In all its fully formed body-horror glory, David Cronenberg’s The Brood was spawned from the messiest of breakups. Released in 1979, the same year that the similarly themed – but drastically different in tone – custody battle in Kramer vs. Kramer would court Oscar gold, Cronenberg’s film served as cathartic outlet for his own recent divorce angst involving the ugly legal wrangling over a child. Appropriately for a director who would spend much of the coming decade telling stories that would impose psychic phenomena onto the physical world, the product of Cronenberg’s anger takes the shape of a film in which powerful negative emotions manifest into their own biological entities.

The Brood opens starkly with a charismatic psychotherapist, Dr. Raglan (Oliver Reed), sitting pretzel-legged on stage under a spotlight across from a patient (Gary McKeehan). They are engaging in an academic presentation of the process of “psychoplasmics,” a therapeutic technique that compels the release of repressed trauma and emotion through physiological changes, typically in the rapid manifestation of nasty skin lesions. Raglan intensely embodies paternal or other authority figures in this therapy, in this case frighteningly berating and emasculating his patient, who meekly calls him “daddy” until Raglan finally coaxes him to “push all the way through” his anger until he comes out the other side. This uncomfortable scene sets the stage for a structurally straightforward but narratively twisted film that’s among the best (both on a technical and storytelling level) of the Canadian director’s early works.

The meat of the film involves husband Frank (Art Hindle) and wife Nola (Samantha Eggar) fighting each other from afar for custody of the couple’s young child, Candice (Cindy Hinds). Suffering from a severe mental disorder that has prompted her intensive residential treatment at Dr. Raglan’s isolated facility, Nola expresses profound trauma from her alcoholic mother and aloof father, and soon these figures wind up dead, savagely beaten by malformed child assassins with hair the same color as Candice’s. You see, with Nola, psychoplasmics is so effective, her rage results in asexual reproduction through the budding of an external womb, revealed to Frank in a climactic scene so grotesque that it still shocks four decades later. That image, along with three murder-by-bludgeoning scenes that don’t hold up nearly as well, prompted some critical pearl-clutching, with Roger Ebert going so far as to call the film “reprehensible trash.”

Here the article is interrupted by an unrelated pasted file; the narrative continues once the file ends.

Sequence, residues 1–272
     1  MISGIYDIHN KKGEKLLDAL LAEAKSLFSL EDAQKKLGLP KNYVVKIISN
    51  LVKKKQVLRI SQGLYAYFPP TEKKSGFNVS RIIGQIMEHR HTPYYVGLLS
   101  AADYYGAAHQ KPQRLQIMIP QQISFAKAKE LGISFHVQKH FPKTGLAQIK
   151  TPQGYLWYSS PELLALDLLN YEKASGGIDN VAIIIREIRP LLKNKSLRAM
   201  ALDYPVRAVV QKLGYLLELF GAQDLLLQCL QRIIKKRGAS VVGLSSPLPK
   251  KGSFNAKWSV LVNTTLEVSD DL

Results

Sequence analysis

Nevertheless, this is one of Cronenberg’s earliest treasures. There has been no shortage of monstrous mothers in cinema, but The Brood takes the conceit a step further by making motherhood, and in fact the womb itself, into an abomination. Eggar plays Nola with wild-eyed flair, portraying mental illness as fearsome and reproduction as something from which to recoil. Eggar even concocted the idea to lick the fetus clean after tearing it from the exo-womb sac, a prolonged, graphic sequence that ultimately wouldn’t pass censorship muster. But while The Brood exploits our cultural squeamishness toward the biology of reproduction, it stops short of demonizing maternity or womanhood at large. After all, Nola’s disturbing transformation results from actions of the men in her life, most directly through the negligent audacity of Dr. Raglan and his frenzied pursuit of genius, but also through a neglectful father who enabled her alcoholic mother’s abuse and from Frank’s inability to offer her the domestic stability she needs.

Much of the film’s success hinges on Reed’s intense performance as Dr. Raglan, a man so driven to pioneer his controversial technique that he is unmoved by the fact his treatments create addiction and even cancerous tumors. In literally embodying father figures during these sessions, he’s an imposing paternalistic presence, and Reed’s steely gravitas is crucial to making the character work. When Reed is coupled with Eggar’s chilling turn as Nola, Cronenberg gets perhaps the first two acting performances that are pivotal to heightening the impact of one of his pictures. He’s also aided by a striking score from Howard Shore, with whom the director would go on to collaborate in each of his subsequent films save one. That alone makes The Brood a watershed moment – Shore’s score is one of the most effective aspects of Cronenberg’s uneven next project, Scanners – but thematically, this film shifts the director’s focus from body horror as exploitation to the physical manifestation of psychological and technological forces, opening up a rich vein of sociocultural commentary that was lacking in his earliest output. Conceived from personal turmoil, The Brood infused a new kind of humanity into Cronenbergian grotesquery.

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